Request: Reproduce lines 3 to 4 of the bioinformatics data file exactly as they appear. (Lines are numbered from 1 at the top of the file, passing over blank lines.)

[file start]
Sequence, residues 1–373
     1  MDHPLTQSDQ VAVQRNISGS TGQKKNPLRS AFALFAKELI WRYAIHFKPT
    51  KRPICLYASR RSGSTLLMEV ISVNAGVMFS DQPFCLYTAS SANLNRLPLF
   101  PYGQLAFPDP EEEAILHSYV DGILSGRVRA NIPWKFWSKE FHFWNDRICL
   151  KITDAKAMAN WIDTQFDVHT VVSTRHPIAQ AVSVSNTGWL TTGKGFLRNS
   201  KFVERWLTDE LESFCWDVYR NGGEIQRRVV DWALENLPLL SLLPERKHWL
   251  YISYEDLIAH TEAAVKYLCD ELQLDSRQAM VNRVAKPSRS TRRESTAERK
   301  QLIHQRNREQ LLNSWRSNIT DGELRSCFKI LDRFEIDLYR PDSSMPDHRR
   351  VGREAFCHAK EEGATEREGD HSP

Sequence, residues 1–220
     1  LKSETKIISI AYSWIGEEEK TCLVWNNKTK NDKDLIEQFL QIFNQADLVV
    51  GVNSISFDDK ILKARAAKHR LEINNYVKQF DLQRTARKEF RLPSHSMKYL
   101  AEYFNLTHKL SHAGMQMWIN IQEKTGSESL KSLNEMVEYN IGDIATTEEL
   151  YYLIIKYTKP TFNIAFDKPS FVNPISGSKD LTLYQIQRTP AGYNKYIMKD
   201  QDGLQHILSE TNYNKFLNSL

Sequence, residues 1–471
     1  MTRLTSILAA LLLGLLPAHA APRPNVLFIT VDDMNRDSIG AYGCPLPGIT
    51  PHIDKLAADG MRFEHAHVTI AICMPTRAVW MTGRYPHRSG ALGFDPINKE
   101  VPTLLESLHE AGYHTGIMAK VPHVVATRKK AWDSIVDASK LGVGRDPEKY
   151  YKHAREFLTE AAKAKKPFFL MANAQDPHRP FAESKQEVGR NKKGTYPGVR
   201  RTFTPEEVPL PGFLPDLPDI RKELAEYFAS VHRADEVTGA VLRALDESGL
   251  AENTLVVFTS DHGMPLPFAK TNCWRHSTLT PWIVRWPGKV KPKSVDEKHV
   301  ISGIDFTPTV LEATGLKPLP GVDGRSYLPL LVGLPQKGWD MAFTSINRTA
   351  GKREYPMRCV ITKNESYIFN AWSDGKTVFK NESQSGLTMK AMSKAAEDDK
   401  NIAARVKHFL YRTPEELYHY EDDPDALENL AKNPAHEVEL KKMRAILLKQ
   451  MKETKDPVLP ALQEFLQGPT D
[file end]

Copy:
    51  KRPICLYASR RSGSTLLMEV ISVNAGVMFS DQPFCLYTAS SANLNRLPLF
   101  PYGQLAFPDP EEEAILHSYV DGILSGRVRA NIPWKFWSKE FHFWNDRICL